I cried for the crew of the Kursk. I cried because I know how horrible it is to suffocate in a submarine. I almost died that way 43 years ago.
In 1957, I was a sonar man on the U.S.S. Gudgeon, an American sub spying on the Soviets in the Pacific Ocean near their naval base at Vladivostok. We were two weeks into a top-secret Cold War mission, with several spooks onboard, when the Soviets caught us in their waters.
Diesel-electric subs like the Gudgeon couldn't create their own fresh air, so as the enemy hovered above us, we tried--without success--to get a snorkel to the surface. They repeatedly dropped depth charges and kept "pinging" our sub with their radar. It took 64 long hours for the Gudgeon to slip out of the Soviets' chokehold.
We didn't conserve our air for the first 15 or 20 hours, because we thought we would be able to grab a breath soon. But even when we realized we were pinned down, the atmosphere stayed businesslike. There was no conversation about anything except the task at hand. I stayed at my station almost the whole time, and nearly everybody remained calm and focused--except for the spies, who were completely unprepared for this adventure.
Later on, we did everything we could to preserve oxygen. If you didn't have to work, you were lying down. During those tense days, I was a regular smoker, but I could barely keep a cigarette lit in the oxygen-deprived environment. When I did get one lit, it tasted terrible. For smokers and non-smokers alike, each breath was a giant heave to suck in as much oxygen as possible. I felt like I had emphysema. When the oxygen level drops and the carbon dioxide rises, all you can think is that your next breath might be your last.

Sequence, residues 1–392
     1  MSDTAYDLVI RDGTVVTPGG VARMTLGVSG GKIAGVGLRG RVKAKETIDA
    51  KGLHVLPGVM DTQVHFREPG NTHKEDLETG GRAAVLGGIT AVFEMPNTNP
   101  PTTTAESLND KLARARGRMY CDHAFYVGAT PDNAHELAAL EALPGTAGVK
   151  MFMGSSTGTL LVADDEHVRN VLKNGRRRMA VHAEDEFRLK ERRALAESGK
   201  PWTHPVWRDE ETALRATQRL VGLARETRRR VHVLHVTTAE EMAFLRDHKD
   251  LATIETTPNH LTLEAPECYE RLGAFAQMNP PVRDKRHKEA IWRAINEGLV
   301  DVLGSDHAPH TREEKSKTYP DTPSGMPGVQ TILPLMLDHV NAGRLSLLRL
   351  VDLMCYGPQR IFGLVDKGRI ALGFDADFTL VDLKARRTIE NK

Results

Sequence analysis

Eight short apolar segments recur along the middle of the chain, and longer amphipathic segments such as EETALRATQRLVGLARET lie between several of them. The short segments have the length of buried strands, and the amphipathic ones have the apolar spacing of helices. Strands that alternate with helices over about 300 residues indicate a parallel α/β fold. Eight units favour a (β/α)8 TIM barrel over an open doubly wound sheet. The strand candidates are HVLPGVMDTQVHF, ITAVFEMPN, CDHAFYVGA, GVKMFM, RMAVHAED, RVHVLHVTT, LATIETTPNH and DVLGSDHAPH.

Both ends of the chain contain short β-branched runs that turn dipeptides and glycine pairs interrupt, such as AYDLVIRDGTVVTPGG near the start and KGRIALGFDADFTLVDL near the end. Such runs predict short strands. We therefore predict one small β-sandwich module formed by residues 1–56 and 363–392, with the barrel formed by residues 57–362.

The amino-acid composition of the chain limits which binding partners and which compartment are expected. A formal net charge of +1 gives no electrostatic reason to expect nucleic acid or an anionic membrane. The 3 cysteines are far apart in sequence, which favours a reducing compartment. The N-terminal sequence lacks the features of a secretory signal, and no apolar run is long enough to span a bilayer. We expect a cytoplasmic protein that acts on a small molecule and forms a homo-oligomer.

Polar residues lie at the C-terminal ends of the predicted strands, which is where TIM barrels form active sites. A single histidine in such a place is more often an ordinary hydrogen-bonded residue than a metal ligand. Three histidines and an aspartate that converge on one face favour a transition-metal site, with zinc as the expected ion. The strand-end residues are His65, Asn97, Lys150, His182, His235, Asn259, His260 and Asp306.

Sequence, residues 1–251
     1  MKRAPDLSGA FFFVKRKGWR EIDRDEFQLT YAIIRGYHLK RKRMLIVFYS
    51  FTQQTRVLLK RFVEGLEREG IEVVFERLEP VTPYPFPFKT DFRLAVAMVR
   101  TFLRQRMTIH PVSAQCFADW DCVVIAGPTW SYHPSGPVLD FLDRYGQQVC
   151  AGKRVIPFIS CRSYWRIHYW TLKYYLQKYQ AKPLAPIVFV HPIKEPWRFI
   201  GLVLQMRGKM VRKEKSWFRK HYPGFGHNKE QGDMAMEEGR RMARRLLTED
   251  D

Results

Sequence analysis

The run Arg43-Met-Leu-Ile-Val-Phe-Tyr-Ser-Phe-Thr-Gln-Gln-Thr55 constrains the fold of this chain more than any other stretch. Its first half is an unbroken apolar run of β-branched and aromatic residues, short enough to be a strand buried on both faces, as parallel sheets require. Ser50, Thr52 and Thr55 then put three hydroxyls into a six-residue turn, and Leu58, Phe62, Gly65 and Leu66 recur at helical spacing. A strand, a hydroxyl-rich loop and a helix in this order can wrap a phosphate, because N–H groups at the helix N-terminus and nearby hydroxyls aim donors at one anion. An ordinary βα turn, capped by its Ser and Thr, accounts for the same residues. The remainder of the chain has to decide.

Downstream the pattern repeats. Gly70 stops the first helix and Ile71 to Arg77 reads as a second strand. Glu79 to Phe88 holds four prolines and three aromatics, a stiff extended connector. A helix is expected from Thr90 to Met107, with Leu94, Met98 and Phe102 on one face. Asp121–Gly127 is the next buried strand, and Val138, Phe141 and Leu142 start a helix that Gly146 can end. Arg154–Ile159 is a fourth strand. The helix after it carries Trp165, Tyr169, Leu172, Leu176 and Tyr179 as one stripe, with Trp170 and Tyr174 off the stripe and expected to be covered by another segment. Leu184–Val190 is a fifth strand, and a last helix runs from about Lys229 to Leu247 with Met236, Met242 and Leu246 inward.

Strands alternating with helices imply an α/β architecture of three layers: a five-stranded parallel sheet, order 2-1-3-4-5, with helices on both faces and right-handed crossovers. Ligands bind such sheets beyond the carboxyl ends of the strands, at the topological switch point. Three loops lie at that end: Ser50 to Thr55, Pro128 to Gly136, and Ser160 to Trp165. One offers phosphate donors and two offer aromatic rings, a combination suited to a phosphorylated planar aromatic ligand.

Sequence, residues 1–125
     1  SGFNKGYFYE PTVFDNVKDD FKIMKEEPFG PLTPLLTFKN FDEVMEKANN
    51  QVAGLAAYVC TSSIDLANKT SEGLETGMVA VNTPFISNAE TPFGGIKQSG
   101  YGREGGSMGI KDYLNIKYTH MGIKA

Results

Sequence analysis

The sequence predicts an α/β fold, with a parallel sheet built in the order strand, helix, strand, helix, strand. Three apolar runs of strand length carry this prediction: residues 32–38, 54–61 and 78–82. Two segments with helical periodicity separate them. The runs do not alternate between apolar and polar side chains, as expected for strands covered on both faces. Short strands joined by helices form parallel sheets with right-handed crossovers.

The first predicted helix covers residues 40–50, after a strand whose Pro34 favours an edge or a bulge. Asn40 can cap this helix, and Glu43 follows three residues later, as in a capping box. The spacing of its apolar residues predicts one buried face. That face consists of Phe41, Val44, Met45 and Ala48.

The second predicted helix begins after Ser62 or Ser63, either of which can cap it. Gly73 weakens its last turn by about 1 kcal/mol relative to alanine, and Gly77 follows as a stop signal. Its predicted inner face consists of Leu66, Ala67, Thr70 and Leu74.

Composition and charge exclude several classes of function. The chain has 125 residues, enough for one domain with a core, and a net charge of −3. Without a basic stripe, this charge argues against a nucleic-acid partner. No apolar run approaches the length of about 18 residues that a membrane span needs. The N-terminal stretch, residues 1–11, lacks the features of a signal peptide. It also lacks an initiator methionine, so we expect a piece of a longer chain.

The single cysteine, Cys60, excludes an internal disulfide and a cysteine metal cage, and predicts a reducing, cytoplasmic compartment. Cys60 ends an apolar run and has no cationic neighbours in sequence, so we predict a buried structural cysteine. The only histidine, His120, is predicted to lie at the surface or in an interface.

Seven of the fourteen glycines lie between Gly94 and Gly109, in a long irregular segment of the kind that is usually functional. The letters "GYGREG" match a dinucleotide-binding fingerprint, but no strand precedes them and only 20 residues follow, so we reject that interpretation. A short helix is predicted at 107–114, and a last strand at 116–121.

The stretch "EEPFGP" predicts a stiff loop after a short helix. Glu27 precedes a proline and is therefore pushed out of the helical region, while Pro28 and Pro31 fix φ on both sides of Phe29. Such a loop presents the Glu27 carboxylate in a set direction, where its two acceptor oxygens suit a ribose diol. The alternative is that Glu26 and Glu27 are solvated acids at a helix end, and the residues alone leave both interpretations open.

Other submariners have talked about the terrific headaches they got from lack of oxygen, but if I had a headache, I sure didn't notice. I was more worried about breathing. This kind of death is nothing like a plane crash. There's no sudden end. You have days to ponder your fate. We thought we were 10 feet tall and bulletproof, but that stale air and labored breathing made even a cocky young submariner feel his mortality. We never gave up all hope, but I thought about my pregnant wife back in port and realized that I might never see my child. "I'm going to die," I thought. "Am I ready to take it?"
Luckily, I didn't have to find out. After two-and-a-half days we made a run for it. The Soviets tried to ram us but failed. We shot up a few flares and took off as fast as possible. When I heard the whoosh of air fill our diesel engine, I knew it would only be minutes before fresh air rushed into the Gudgeon. As we raced away from the Soviet ships, I gulped in my first lungful. It's a feeling I'll never forget.